Béarnaise a lovely French sauce for meats that you can find in grocery stores. As will many things, store-bought doesn’t compare to homemade. If you’ve been intimidated to make Béarnaise, with the invention of various blenders, it’s become a much easier to make.
There are many ways to do it. Some are successfully doing it in a pan directly on the stove. Whatever works for you is the right way. Before there were blenders or immersion hand blenders, hollandaise and béarnaise were being made in a bowl over very warm water using a whisk. There’s a ‘feel’ to mastering making hollandaise, always having to be very careful to do it just right every time. The same is true when you use a machine to do the mixing. You still need to follow every step to avoid the disappointment of runny sauce, or worse, sauce that gets too hot and the eggs curdle and separate from the butter.
These recipes is for doing it the old fashioned way using a bowl over water which, after trying an immersion hand blender, I find to be much, much easier and less of a mess.
Most of the recipes you find for béarnaise sauce are made with tarragon. The French way is made with two herbs, tarragon, and one that is more difficult to find, chervil (French parsley). I didn’t know this until I did some research. Now I’m curious and I’ll be on the lookout for the second herb needed to make an authentic béarnaise.
“Béarnaise sauce is a sauce made of clarified butter emulsified in egg yolks and white wine vinegar and flavored with herbs. It is considered to be a ‘child’ of the mother Hollandaise sauce, one of the five mother sauces in the French haute cuisine repertoire. The difference is only in the flavoring: Béarnaise uses shallot, chervil, peppercorns, and tarragon in a reduction of vinegar and wine, while Hollandaise is more stripped down, using a reduction of lemon juice or white wine. Its name is related to the province of Béarn, France.”
“Béarnaise is a traditional sauce for steak.”
- 4 egg yolks
- 4 tablespoons hot water
- 1 1/2 sticks (3/4 cup) of normal butter
- 2 teaspoons lemon juice
- 2 tablespoons white vinegar
- 2 tablespoons white wine (or white vermouth)
- 5 tablespoons chopped tarragon, divided
- 1 tablespoon minced shallots
- 5 peppercorns, crushed with a heavy skillet
- 4 teaspoons water
- 2 teaspoons lemon juice (optional)
- 1/2 teaspoon salt
- 2 ounces (3 large) egg yolks
- 10 ounces (2 1/2 sticks) normal butter, melted
Melt the butter in a small pan that works for pouring the butter out without it running down the pan and on the counter. I have a lipped sauce pan that works very well. One with an indentation for pouring is ideal. Test your pots using water. You don’t want to be in the middle of blending, having to switch the butter to another pan. I set the pan back on the warm burner to keep the melted butter hot as I’m doing the incorporating. If the butter isn’t hot enough, the mixture won’t thicken.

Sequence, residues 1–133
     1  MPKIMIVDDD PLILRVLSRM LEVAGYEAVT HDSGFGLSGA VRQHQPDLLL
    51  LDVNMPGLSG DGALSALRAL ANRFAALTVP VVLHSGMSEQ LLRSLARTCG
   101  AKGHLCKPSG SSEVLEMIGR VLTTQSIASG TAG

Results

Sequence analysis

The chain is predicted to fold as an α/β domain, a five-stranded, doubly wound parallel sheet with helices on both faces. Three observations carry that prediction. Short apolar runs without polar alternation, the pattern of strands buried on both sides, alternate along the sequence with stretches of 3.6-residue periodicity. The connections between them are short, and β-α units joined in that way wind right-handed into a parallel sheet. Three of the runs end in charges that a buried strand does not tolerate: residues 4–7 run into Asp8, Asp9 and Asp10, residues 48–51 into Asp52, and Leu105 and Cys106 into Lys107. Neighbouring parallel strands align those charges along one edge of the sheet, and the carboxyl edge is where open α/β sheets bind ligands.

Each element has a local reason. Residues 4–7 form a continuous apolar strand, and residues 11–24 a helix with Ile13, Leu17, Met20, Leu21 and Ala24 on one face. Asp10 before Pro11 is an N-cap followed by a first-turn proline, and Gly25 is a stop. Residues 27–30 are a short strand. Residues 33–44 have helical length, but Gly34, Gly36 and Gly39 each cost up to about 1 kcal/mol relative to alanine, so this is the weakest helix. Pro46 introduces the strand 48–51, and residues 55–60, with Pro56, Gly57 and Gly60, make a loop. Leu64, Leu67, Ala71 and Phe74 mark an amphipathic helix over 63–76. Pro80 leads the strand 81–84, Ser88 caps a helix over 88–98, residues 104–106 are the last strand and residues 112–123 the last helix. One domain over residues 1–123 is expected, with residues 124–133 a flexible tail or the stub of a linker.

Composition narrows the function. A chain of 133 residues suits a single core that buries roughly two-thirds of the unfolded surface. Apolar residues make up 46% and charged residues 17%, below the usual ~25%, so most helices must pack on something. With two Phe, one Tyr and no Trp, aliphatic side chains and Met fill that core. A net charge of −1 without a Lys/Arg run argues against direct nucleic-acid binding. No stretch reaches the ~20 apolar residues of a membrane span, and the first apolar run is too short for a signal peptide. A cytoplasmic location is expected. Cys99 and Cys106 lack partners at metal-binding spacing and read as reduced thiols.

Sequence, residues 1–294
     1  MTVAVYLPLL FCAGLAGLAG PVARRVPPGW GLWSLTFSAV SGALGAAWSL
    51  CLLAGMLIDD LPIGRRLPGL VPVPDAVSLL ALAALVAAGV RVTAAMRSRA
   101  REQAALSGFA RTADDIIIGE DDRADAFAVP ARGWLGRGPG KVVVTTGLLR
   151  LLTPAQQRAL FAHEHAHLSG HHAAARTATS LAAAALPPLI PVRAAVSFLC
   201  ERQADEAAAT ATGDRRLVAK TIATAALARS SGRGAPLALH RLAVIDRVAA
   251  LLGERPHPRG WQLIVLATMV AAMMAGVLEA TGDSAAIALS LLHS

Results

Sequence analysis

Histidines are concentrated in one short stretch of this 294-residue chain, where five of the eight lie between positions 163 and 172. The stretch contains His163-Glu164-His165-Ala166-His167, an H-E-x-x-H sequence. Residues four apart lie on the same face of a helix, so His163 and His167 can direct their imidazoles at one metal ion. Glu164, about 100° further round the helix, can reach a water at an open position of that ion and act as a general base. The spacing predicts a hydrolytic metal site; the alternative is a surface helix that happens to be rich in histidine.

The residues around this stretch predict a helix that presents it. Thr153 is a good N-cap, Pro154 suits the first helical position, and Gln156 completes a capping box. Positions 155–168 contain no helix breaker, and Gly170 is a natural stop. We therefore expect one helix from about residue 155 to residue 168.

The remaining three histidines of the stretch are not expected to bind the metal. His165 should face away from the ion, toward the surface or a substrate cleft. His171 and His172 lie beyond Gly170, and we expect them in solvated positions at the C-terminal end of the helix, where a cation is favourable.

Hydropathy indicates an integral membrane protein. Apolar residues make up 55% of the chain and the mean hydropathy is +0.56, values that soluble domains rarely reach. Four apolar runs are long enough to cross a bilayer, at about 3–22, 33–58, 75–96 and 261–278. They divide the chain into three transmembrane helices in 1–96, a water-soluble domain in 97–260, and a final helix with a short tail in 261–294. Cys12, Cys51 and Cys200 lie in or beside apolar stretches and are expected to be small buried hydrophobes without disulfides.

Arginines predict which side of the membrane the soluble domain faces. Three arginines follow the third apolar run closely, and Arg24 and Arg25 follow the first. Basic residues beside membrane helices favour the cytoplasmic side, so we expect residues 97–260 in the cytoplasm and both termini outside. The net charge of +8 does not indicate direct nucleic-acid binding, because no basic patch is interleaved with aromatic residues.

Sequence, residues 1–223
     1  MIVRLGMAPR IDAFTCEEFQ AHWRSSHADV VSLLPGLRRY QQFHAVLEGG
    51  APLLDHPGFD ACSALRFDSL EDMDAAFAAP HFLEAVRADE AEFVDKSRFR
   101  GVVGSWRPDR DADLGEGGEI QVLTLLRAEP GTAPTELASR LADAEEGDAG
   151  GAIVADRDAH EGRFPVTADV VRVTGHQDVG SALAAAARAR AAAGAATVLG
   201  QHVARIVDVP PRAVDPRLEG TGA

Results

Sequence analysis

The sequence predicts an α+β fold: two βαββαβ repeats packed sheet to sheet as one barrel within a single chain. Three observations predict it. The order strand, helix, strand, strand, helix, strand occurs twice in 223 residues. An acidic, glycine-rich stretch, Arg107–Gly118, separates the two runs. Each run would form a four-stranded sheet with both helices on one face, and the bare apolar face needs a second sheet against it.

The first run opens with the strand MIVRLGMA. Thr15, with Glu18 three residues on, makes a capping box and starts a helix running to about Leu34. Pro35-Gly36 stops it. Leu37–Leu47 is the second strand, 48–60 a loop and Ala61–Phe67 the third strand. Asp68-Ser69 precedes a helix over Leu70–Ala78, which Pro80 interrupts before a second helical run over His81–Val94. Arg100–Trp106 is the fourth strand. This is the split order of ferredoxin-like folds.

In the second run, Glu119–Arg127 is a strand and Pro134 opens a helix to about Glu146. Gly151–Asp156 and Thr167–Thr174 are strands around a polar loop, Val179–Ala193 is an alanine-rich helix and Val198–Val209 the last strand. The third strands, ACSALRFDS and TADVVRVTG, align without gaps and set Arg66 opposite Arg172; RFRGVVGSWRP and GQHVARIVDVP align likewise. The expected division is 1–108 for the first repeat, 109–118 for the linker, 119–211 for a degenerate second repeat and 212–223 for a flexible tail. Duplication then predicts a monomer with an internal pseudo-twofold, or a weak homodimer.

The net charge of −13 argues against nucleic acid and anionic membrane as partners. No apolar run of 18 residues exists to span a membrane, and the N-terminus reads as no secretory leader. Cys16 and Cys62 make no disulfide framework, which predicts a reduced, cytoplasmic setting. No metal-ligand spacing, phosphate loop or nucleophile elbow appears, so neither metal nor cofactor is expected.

Place a stainless steal bowl over a pan with simmering water. Place the egg yolks in the warm bowl and whisk for 10 seconds. Add the hot water 1 tablespoon at the time. The mixture will become a little frothy but will not thicken yet. After the water is added, begin pouring in the hot butter slowly, by drops, whisking constantly. When you’ve added about 1/2 to 3/4’s of it, the mixture will thicken. If at any time the eggs start to look like they are cooking, quickly remove the bowl from the pan to the counter to cool it down as you continue whisking.
Whisk in the lemon juice.
This recipe for béarnaise sauce is from the book, Ratio, by Michael Ruhlman.
Have all the ingredients out and measured.
You will need a double boiler or a bowl that will set over a medium to large sauce pan with a couple inches of water. While the butter is melting, turn the heat on high to get the water hot, then turn it down to a low simmer.
Place the vinegar, wine, smashed peppercorns, shallots and 2 tablespoons of the chopped tarragon in a small saucepan. Bring to a boil and let boil for about 5 minutes or until the liquid has reduced in half. Put the reduction through sieve into the bowl that you are going to put over hot water.
To the reduced liquid add the water, lemon juice (if using), salt and the egg yolks. The yolks will warm up fast so begin whisking right away. After about 10 seconds begin dripping the hot butter in. Drip in a tablespoon and whisk well. Drip in another tablespoon and whisk. You are doing this to create a thick emulsion as opposed to a running sauce. Steadily increase the amount of butter dripping in and when you get down to the last 1/2 cup you can whip it in quickly and your sauce will remain thick if you have done it correctly.
It’s important that the bowl isn’t touching the water and that the water is not boiling. Either of these can cause the sauce to get too hot and the eggs will cook and curdle. As I add the butter, I’m also lifting the bowl as I’m whisking to make sure it’s not getting too hot.
Add the remaining 3 tablespoons of tarragon just before serving.
Note: Hollandaise can be made the day before, refrigerated and reheated. (Because of the added reduction béarnaise needs to be used right away or it will separate.) Transfer the hollandaise sauce from the bowl container to a glass jar. Put the jar in the refrigerator immediately (it won’t be very hot) and it can be reheated directly from the refrigerator. Create a bain-marie by setting the jar in a pan of very warm (but not hot) water to reheat, stirring often. If the water is too hot, the eggs will cook and the sauce will separate.
Béarnaise is delicious on fish as well as steak. Hollandaise is best enjoyed on Eggs Benedict.